Dr. Paul Acquah to quit central bank in September
Long-serving Ghanaian central bank governor Paul Acquah is likely to quit next month, bank and other sources said on Wednesday, prompting speculation of tighter monetary policy in the emerging economy.
Acquah is credited with key reforms during an eight-year tenure such as the creation of an interest rate policy committee. But some people in the market will look to his successor for a more aggressive stance against inflation, which is hovering at 20 percent.
Brought in by former President John Kufuor in 2001, Acquah is tipped to be replaced either by a political ally of new President John Atta Mills, or by a newcomer from the private sector when his second four-year term expires next month.
“He has done a lot to enhance the independence of the system,” said a central bank source who declined to be named.
“But I will be surprised to see him remain in office because that has become the trend. It is a political game,” said the source, doubting that Acquah would push for a new term.
Acquah has for weeks declined to comment on his future. In April, Mills replaced one of his deputies in a reshuffle of the central bank’s board.
West African gold and cocoa exporter Ghana is due to become an oil exporter from 2010, and is one of the few sub-Saharan states to have launched a Eurobond.
But investors are concerned by the weakness of the cedi currency and the failure to rein in inflation exacerbated by high food prices. Ghana is also struggling with a budget deficit close to 15 percent of output, and with huge trade imbalances.
Acquah forecast in May that inflation would slow to 12.5 percent by the end of the year and hit 10 percent by end-2010. Since then, it has ticked up to 20.74 percent in June, with July’s figures due in the next few days.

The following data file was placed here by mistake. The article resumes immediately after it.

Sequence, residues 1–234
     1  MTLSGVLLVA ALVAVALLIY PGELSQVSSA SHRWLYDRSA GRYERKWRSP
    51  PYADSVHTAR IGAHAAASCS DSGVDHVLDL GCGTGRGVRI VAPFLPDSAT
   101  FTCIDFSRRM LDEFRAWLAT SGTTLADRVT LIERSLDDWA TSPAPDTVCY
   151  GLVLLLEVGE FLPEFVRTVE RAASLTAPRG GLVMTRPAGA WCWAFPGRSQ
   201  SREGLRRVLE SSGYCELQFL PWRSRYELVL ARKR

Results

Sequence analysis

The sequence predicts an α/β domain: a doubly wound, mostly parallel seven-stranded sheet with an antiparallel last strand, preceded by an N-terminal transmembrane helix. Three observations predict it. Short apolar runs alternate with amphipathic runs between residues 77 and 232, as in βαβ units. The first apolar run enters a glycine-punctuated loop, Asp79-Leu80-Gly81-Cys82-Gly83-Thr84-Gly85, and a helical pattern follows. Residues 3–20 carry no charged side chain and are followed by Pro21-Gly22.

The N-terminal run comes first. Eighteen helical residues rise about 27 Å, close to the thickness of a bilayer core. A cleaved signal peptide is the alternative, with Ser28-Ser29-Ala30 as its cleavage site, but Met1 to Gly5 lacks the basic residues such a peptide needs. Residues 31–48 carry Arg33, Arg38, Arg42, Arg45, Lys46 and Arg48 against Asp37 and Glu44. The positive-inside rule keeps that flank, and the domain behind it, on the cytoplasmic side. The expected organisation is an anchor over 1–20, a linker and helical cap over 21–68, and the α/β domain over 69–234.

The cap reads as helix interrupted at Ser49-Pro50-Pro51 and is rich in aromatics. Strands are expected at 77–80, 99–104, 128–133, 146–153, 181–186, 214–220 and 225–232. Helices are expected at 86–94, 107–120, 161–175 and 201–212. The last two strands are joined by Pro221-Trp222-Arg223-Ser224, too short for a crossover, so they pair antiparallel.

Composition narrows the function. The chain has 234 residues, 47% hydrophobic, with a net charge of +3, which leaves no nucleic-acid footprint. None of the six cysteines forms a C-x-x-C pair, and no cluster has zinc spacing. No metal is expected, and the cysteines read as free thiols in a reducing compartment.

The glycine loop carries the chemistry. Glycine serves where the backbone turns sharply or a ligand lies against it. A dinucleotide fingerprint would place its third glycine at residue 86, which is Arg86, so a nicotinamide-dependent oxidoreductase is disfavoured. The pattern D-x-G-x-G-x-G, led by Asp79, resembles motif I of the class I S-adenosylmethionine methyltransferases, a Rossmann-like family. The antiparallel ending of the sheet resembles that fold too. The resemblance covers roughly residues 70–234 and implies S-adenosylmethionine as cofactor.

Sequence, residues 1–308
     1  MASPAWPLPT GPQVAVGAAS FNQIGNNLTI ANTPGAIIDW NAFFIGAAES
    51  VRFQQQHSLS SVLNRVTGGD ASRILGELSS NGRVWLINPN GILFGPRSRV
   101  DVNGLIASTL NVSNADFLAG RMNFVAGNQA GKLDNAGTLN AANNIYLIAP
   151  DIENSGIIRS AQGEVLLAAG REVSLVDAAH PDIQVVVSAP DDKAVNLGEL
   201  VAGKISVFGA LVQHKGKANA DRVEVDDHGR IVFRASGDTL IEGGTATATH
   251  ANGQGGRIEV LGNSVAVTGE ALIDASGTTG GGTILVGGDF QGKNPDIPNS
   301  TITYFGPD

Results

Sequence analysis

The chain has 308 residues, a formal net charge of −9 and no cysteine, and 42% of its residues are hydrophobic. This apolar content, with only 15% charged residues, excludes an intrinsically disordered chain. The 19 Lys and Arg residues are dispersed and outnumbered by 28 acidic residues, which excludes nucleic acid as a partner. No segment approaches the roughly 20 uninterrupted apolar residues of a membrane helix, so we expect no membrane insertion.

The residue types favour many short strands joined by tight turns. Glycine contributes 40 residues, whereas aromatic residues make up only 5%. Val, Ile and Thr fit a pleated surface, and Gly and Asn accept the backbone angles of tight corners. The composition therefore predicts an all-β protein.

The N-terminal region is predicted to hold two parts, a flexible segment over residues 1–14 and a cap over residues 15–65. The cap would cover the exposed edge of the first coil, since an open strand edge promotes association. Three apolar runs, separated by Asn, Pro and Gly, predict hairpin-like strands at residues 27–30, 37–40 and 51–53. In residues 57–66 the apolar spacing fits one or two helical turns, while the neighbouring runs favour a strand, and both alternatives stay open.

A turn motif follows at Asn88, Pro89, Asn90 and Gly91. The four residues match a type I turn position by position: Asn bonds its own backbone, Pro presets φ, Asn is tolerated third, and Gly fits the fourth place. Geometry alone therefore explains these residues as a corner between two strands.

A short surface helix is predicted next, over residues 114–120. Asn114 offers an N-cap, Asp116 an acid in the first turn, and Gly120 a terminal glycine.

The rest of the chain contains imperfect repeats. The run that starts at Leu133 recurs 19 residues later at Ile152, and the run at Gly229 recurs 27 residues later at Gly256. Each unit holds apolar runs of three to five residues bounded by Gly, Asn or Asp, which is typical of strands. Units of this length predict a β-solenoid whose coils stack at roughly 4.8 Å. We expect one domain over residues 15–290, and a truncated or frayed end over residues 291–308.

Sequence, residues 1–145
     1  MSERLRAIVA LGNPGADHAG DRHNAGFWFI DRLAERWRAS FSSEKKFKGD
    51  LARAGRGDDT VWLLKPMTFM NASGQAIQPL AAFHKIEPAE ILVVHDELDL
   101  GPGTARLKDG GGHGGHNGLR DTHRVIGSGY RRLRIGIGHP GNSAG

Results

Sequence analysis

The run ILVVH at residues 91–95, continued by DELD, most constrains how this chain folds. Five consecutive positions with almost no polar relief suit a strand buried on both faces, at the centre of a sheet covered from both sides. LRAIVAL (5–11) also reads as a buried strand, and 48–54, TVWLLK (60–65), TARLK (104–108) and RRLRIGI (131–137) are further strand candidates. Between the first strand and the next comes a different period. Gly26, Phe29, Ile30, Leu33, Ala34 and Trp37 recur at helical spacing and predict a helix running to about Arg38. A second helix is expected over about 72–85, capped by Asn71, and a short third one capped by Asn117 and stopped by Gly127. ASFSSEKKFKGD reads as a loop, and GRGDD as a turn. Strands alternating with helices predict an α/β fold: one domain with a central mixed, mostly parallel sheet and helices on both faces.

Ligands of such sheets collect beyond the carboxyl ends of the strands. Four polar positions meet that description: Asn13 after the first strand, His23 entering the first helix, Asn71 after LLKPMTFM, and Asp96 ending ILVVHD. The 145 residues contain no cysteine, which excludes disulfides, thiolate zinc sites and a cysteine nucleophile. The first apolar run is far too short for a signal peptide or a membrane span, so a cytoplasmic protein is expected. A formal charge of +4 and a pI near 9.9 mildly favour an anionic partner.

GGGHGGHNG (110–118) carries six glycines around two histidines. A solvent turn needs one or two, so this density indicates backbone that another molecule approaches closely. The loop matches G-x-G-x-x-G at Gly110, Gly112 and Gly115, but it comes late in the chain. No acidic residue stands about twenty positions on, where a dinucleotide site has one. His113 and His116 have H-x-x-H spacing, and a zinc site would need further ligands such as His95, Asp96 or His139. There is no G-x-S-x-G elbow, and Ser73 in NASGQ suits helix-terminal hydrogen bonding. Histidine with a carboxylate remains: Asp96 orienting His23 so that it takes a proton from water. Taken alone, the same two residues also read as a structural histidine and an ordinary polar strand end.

The International Monetary Fund (IMF), which has built a medium-term inflation target of 7-9 percent into its $1 billion loan package for Ghana, last month recommended the bank match Mills’s budget austerity drive with a tighter monetary policy.
However, Acquah held the prime rate at 18.5 percent, arguing “risks in the outlook for disinflation and growth are balanced”.
MILLS ALLY IN THE FRAME
“Under the current or prospective future central bank governor, the markets would welcome a more activist statement of intent from the Bank of Ghana,” said Richard Segal at UBA Capital, urging specific statements on inflation targets.
At present, no front-runner has emerged as a successor.
Local media speculation has focused on Alhassan Andani, the head of Stanbic Bank Ghana, a unit of South Africa’s Standard Bank. Kwesi Amissah-Arthur, a Mills ally who was deputy finance minister under ex-president Jerry Rawlings, is also cited.
Yet to what extent any successor would usher in a revamp of policy is unclear.
Analyst Sampson Akligoh of Accra-based Databank Research cited Acquah’s introduction of a Monetary Policy Committee (MPC) system as one of several reforms that had enhanced the credibility of the bank as an independent institution.
Michael Hugman, a London-based emerging markets strategist with Standard Bank, played down the impact of personnel changes.
“We are confident with the institutions and policy direction of the current administration in Ghana, and therefore see little risk around changes to any individual policy-maker within government,” he said.